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Questions in Computer Security: What is an External Threat?

written by: •edited by: Rebecca Scudder•updated: 12/9/2010

While internal threats account for the vast majority of computer security vulnerabilities, the risk of external threats should not be relegated to obscurity. External threats can take a variety of forms: eavesdropping, zero day attacks, or simply a poor password.

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    What is an External Threat?

    An external threat is any vulnerability which can be exploited to gain access to an environment from outside that environment. Unlike their internal counterpart, external threats will not rely on a client running a malicious file or leaving their terminal unlocked while unattended, however clients are still a weakness to keep in mind within the context of external threats. The other side of the coin will be your software and infrastructure: unpatched software, weak passwords, and unattended log files can all allow an external threat to become an outright attack.

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    External Threats and Social Engineering

    The oldest external threat to computer security has always been the possibility of a malicious individual relying on social engineering to gain access to sensitive information. Unfortunately there is no easy fix for this vulnerability as you must rely on educating your environment’s clients to know which information is sensitive and how to verify the identity of a person requesting such information. Remember that an external threat may not be after information, but also access to your environment’ Regular unannounced security testing can reveal if the existing security policies are effective and being enforced.

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    Network and Remote External Threats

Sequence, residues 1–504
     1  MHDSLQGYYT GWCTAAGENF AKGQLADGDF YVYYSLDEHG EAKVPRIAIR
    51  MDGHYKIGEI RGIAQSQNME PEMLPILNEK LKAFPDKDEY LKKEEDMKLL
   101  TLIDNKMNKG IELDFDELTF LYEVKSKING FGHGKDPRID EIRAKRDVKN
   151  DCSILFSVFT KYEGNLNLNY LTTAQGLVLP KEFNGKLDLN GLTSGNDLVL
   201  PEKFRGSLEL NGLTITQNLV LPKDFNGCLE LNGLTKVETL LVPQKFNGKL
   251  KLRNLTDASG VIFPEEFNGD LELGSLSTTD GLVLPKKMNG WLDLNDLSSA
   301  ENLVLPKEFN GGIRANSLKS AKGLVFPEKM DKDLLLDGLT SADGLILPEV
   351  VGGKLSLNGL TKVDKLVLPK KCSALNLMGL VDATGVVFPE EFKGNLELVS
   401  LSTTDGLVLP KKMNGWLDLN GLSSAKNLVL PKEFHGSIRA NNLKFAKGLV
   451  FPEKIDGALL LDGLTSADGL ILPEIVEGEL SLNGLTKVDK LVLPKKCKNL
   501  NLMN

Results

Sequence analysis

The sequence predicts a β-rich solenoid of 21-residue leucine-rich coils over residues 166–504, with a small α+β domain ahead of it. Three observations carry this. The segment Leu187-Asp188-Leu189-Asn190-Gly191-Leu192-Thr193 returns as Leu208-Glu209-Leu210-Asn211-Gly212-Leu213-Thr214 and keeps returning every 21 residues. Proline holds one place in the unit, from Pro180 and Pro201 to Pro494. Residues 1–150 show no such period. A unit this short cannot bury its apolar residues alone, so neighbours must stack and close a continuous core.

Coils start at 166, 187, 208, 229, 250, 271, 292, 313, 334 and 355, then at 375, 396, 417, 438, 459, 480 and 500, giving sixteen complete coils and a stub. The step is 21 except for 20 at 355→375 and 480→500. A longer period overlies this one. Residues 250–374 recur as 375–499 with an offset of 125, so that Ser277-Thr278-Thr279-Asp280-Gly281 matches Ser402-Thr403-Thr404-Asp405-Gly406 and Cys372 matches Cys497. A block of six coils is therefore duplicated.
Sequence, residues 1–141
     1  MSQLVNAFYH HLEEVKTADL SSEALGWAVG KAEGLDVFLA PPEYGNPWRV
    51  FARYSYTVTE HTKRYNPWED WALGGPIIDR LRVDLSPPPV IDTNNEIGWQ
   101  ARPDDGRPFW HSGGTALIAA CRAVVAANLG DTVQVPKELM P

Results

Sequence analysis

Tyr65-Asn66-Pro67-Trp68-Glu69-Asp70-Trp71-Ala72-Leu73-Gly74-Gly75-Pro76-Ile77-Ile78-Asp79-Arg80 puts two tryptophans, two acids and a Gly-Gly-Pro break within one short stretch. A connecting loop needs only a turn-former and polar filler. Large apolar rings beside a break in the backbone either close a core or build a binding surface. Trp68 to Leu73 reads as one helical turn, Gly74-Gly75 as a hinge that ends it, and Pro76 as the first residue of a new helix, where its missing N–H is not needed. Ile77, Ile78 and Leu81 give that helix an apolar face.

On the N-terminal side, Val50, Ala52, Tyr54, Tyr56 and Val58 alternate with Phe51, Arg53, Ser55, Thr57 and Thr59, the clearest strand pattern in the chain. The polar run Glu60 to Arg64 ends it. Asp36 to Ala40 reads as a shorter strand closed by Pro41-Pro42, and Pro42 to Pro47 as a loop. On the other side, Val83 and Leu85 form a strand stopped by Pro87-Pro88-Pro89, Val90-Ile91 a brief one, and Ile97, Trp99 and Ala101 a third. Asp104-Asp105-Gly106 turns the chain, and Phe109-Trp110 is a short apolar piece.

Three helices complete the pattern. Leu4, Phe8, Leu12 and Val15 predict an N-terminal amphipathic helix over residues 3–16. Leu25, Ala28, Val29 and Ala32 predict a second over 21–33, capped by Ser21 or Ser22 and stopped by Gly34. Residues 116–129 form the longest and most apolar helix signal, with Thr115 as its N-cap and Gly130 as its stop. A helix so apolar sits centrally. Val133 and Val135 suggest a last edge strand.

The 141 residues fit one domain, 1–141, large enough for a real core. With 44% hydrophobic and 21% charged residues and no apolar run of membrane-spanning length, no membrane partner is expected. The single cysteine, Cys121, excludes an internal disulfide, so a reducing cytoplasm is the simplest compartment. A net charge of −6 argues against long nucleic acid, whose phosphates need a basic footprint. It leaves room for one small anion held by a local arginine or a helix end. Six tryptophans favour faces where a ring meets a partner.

Beyond the physical layer, a vast number of external threats exist which use vulnerabilities within your network. The first step in preventing these threats is to ensure that you have an appropriate password policy which emphasizes complexity over frequency of change. This means that rather than having users change their password every week, you require the password be 12 characters long and include a symbol. This is more effective than the latter, as when required to frequently update passwords, most clients include a numeric component in their password which changes predictably (e.g: password1, password2, password3 ).

    A harder threat to tackle is the possibility of a zero day attack. If you find yourself on the receiving end of a zero day attack you may not notice unless you happen to be running an Intrusion Detection System (IDS) and keep a vigilant eye on your network’s log files. Monitoring log files is one of the least practiced computer security measures but perhaps one of the most effective in detecting all sorts of external attacks.

    Monitoring log files will also help you detect brute force and dictionary attacks. Unless an external attacker already knows the password of a user, all attacks will have a number of failed access attempts. By configuring your credential validation services to lock out an account after a number of failed attempts you can defuse this external threat.

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    Don’t forget Internal Threats

    Finally, it is important to not become over-focused with external threats to the point of neglecting internal threats. Most experts estimate that because clients are the weakest point in computer security, most attacks begin through uneducated clients. Educating your clients will help you negate several internal and external security threats.